Fine linen with broidered work, &c., from Egypt — “Fine linen was one of the principal commodities of Egypt, and was a habit used for persons of the best quality; which shows to what an excess of vanity the Tyrians were come, to use such costly manufactures for sails to their ships. Suetonius, in his Life of Caligula, cap. 37, reckons this among several instances of that emperor’s extravagance, that he furnished his pleasure-boats with costly sails, and other expensive ornaments.” Blue and purple from the isles of Elishah was that which covered thee — “Blue and purple are elsewhere reckoned among those colours which set off the richest attire. The common clothing of the Tyrians was of these kinds, which were brought from the islands of the Ægean sea, particularly Coos, famed for purple among heathen authors. Elishah denotes the countries upon the coast of Greece: a part of Peloponnesus retains the name of Elis among the Greek writers.” — Lowth.27:1-25 Those who live at ease are to be lamented, if they are not prepared for trouble. Let none reckon themselves beautified, any further than they are sanctified. The account of the trade of Tyre intimates, that God's eye is upon men when employed in worldly business. Not only when at church, praying and hearing, but when in markets and fairs, buying and selling. In all our dealings we should keep a conscience void of offence. God, as the common Father of mankind, makes one country abound in one commodity, and another in another, serviceable to the necessity or to the comfort and ornament of human life. See what a blessing trade and merchandise are to mankind, when followed in the fear of God. Besides necessaries, an abundance of things are made valuable only by custom; yet God allows us to use them. But when riches increase, men are apt to set their hearts upon them, and forget the Lord, who gives power to get wealth.Fir-trees (or, cypress) of Senir - The name by which the Amorites knew Mount Hermon. 5. Senir—the Amorite name of Hermon, or the southern height of Anti-libanus (De 3:9); the Sidonian name was Sirion. "All thy … boards"; dual in Hebrew, "double-boards," namely, placed in a double order on the two sides of which the ship consisted [Vatablus]. Or, referring to the two sides or the two ends, the prow and the stern, which every ship has [Munster].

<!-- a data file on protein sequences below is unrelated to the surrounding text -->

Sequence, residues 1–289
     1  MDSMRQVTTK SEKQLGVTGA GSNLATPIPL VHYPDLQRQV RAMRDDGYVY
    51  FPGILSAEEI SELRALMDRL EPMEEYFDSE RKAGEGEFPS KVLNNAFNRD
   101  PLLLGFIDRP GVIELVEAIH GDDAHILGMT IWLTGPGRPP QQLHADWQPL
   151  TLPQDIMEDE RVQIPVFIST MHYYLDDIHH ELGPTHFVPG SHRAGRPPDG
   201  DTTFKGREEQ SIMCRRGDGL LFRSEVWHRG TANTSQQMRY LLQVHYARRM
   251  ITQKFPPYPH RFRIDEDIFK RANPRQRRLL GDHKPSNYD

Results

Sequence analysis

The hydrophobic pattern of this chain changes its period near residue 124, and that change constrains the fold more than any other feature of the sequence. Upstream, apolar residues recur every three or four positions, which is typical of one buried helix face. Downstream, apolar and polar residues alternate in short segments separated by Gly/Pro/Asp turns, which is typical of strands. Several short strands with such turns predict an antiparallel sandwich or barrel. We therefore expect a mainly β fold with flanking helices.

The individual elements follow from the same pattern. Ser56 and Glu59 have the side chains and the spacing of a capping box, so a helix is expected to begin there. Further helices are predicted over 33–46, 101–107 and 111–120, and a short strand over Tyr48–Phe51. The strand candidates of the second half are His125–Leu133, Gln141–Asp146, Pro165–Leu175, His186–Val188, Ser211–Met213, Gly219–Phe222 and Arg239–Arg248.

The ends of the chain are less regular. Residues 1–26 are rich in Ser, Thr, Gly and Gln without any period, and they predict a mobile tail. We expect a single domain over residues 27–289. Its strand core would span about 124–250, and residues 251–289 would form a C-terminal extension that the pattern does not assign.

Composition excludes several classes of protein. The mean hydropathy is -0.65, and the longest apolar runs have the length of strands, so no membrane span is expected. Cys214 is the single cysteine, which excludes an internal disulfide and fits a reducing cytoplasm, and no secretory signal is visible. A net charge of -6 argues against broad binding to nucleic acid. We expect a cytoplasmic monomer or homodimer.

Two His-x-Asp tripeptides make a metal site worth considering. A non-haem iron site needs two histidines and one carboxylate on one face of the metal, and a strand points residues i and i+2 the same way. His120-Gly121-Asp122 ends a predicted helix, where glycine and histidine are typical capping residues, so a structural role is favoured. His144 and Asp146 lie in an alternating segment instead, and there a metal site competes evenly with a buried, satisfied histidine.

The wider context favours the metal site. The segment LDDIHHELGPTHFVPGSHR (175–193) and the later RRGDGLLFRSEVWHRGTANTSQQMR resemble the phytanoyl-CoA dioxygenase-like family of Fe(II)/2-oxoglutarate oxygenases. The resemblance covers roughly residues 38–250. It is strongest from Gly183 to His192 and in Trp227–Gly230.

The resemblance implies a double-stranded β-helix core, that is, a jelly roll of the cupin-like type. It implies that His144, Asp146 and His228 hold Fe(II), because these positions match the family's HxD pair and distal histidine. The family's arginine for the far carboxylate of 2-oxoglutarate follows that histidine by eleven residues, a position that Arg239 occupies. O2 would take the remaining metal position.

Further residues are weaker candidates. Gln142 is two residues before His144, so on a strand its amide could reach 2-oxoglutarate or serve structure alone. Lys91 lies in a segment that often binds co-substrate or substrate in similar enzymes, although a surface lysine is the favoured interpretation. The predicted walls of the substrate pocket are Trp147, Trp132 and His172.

cedars—most suited for "masts," from their height and durability.

They; thy shipwrights.

Ship-boards; the planks, and benches, or transoms, for their ships.

Of fir trees; of the best and finest fir trees

of Senir, i.e. Hermen, Deu 3:9.

Cedars, for height, strength, durableness, and pleasing smell, beside smoothness of grain, and fitness for curious carvings, the best of trees.